In an influential paper, Haiman (1978) has argued that conditionals are topics, but it has never been verified in a large-scale typological study how common topic markers really are in conditional clauses cross-linguistically. It has also been argued that the initial clause in correlative constructions often has topical properties. In the second part of this talk I will consider to what extent the candidates for topic markers identified in the first part of the talk occur in conditional clauses and in initial free relative clauses and what we can conclude from the results about the relationship between topics and complex sentences. One result is that topic markers are usually different from conditional markers even if they occur in conditional constructions (with the notable exception of grammaticalization of topic markers from conditional converbs). While topic markers are usually postposed irrespective of other word order typologies, conditional markers differ from them in that they co-vary with other word order typologies to a much larger extent.

If topic is a grammatical category type like any other, it can be expected to cumulate with other grammatical categories. The third part of this talk focuses on a few instances of cumulation of topic withgender, number and case. Two languages will be discussed in particular detail. Bolinao (Sambalic, Austronesian; Philippines) has developed a number opposition in topic markers. Nalca (Mek, Trans New Guinea) distinguishes both gender, case and number in topic markers. The two cumulative systems are analyzed both from synchronic and diachronic perspectives in order to explore the language specific ways in which topic markers can be integrated into systems together with other grammatical categories.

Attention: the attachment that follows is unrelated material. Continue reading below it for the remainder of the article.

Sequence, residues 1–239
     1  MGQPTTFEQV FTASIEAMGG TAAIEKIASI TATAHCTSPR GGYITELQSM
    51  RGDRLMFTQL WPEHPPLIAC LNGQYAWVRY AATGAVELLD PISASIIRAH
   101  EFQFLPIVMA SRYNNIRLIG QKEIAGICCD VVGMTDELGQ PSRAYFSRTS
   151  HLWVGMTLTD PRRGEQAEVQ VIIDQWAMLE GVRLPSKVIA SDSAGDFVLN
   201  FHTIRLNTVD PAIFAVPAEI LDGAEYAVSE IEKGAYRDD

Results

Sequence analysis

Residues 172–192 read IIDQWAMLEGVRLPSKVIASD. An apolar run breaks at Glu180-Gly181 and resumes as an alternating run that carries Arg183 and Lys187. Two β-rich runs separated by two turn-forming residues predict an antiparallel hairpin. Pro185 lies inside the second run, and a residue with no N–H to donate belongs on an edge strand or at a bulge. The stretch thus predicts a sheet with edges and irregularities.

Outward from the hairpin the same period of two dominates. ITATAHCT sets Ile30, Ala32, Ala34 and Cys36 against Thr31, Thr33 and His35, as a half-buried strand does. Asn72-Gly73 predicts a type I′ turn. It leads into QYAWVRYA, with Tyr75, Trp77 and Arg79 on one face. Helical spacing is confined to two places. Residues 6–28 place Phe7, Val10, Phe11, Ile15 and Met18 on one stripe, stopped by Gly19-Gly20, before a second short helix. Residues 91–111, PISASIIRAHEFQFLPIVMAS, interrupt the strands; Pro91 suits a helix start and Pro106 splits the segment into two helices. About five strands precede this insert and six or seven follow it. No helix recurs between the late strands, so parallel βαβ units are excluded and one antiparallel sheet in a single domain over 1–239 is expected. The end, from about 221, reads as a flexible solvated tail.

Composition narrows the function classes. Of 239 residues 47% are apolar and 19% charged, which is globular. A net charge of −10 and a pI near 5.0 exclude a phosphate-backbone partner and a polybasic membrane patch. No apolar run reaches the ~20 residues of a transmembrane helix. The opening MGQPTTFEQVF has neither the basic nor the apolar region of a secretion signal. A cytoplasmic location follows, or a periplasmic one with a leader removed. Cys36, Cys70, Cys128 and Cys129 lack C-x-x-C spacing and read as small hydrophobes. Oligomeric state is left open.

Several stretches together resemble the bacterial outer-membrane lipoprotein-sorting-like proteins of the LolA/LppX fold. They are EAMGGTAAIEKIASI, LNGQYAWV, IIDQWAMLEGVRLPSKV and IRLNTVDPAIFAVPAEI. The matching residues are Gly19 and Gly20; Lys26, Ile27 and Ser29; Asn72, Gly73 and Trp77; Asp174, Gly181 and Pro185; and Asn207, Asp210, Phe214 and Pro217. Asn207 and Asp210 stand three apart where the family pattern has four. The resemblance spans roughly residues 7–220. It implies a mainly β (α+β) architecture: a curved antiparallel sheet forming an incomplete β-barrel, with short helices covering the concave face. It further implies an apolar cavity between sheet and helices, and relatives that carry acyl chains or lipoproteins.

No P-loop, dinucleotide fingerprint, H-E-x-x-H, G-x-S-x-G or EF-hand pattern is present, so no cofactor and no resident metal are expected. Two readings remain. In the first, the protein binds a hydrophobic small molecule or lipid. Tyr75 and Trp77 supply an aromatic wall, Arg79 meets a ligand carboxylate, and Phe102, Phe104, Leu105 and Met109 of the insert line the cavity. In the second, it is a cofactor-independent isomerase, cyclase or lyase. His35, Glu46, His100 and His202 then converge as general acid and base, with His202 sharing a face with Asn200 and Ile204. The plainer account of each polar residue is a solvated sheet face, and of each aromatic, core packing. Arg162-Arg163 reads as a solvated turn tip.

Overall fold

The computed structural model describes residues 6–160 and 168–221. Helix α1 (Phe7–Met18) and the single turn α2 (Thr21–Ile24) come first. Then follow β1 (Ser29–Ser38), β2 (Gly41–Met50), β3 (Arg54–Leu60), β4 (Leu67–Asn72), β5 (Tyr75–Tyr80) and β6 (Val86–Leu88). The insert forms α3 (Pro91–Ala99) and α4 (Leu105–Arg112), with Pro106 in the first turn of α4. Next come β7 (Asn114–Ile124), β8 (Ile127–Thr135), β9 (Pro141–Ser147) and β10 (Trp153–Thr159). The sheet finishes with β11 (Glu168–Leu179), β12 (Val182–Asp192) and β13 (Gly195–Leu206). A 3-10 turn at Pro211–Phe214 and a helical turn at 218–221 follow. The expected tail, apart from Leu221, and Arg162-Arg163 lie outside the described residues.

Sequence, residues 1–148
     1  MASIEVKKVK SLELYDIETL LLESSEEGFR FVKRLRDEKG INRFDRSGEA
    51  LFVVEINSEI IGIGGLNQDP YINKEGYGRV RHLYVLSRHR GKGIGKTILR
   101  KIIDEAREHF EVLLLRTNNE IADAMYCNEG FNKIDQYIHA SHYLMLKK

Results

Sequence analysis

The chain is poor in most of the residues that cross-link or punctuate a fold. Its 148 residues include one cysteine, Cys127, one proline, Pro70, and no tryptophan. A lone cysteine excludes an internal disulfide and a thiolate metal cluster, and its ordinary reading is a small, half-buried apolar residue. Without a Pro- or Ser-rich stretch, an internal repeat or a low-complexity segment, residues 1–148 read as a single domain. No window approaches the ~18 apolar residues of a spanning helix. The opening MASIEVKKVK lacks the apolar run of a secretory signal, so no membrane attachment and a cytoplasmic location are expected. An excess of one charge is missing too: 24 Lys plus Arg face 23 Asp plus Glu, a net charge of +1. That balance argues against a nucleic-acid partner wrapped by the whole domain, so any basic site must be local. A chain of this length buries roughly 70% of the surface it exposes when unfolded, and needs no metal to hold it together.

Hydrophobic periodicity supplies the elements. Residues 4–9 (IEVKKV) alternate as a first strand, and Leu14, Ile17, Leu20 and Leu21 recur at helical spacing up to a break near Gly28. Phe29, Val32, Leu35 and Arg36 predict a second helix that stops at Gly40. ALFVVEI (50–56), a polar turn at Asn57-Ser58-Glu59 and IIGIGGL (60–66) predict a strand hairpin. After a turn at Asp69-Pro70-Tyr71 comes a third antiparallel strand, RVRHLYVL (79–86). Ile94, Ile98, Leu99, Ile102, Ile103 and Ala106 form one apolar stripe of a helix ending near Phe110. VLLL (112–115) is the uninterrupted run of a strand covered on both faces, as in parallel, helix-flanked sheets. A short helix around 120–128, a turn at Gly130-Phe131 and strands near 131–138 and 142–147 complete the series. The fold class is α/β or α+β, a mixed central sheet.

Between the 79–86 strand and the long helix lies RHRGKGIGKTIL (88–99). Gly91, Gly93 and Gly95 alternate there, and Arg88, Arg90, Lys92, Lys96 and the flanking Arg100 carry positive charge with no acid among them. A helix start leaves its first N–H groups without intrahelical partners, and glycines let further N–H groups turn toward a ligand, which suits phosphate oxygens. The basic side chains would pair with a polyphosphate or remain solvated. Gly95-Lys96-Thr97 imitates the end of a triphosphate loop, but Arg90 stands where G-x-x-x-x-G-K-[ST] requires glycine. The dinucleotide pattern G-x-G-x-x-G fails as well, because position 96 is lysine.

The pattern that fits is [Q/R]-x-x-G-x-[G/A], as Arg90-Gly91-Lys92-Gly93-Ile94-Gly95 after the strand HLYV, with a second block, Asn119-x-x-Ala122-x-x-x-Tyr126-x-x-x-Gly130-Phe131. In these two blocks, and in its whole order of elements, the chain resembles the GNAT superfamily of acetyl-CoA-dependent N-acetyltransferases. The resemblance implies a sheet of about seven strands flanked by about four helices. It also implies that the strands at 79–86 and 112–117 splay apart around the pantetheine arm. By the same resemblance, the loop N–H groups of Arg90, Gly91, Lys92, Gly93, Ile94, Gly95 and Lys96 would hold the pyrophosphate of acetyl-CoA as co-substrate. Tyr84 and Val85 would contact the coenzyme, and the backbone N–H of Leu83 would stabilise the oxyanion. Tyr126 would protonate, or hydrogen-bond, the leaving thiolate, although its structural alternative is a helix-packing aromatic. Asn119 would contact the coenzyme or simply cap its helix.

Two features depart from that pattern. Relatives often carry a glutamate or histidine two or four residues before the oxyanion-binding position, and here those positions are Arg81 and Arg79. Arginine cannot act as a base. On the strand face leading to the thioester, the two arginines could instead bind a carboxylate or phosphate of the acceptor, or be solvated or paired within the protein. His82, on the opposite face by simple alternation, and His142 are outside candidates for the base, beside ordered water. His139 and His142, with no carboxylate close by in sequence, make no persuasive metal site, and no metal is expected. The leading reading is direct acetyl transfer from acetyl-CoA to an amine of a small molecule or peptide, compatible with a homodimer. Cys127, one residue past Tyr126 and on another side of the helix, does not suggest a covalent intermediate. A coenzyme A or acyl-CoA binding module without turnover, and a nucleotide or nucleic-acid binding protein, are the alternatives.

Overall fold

Place, publisher, year, edition, pages
2020.
Keywords [en]
topic, typology, conditional clauses, subordinate clauses, parallel texts, contrastive topic, areal linguistics, discourse
National Category
General Language Studies and Linguistics
Research subject
Linguistics
Identifiers
URN: urn:nbn:se:su:diva-178388OAI: oai:DiVA.org:su-178388DiVA, id: diva2:1388685
Conference
Research Seminar in General Linguistics at the University of Helsinki
Available from: 2020-01-27 Created: 2020-01-27 Last updated: 2020-01-27Bibliographically approved

Open Access in DiVA

Waelchli-topic-markers-Helsinki(1019 kB)38 downloads
File information
File name FULLTEXT01.pdfFile size 1019 kBChecksum SHA-512
e18009ae1fecad56f286053c9b6e3384bd8baa03ea90ee60d311bdf9baa96682c2b723be689c4bb24c016d6b49e17b5ab8ed5421af345e11a717e5c571713827
Type fulltextMimetype application/pdf

Search in DiVA

By author/editor
Wälchli, Bernhard
By organisation
General Linguistics
General Language Studies and Linguistics

Search outside of DiVA

GoogleGoogle Scholar
Total: 38 downloads
The number of downloads is the sum of all downloads of full texts. It may include eg previous versions that are now no longer available

urn-nbn

Altmetric score

urn-nbn
Total: 100 hits
CiteExportLink to record
Permanent link

Direct link
Cite
Citation style
  • apa
  • ieee
  • modern-language-association-8th-edition
  • vancouver
  • Other style
More styles
Language
  • de-DE
  • en-GB
  • en-US
  • fi-FI
  • nn-NO
  • nn-NB
  • sv-SE
  • Other locale
More languages
Output format
  • html
  • text
  • asciidoc
  • rtf